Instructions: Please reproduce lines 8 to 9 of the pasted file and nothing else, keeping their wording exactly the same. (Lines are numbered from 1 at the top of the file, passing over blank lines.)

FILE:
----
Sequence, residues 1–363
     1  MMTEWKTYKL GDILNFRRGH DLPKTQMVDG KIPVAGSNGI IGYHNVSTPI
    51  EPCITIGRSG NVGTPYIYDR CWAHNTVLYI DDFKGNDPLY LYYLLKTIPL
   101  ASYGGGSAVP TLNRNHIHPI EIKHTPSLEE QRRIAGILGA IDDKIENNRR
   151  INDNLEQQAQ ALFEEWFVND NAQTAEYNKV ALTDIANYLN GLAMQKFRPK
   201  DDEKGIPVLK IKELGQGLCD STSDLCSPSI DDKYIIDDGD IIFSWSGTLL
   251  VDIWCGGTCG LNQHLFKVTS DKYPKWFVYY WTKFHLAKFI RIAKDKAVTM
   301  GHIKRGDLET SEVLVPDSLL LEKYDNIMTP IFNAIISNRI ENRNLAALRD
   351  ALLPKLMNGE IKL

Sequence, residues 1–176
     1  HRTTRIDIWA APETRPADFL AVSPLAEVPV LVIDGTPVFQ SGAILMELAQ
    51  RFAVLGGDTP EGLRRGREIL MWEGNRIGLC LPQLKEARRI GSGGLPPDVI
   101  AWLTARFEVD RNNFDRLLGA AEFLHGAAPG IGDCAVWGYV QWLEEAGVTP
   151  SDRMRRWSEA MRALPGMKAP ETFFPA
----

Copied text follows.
   301  GHIKRGDLET SEVLVPDSLL LEKYDNIMTP IFNAIISNRI ENRNLAALRD
   351  ALLPKLMNGE IKL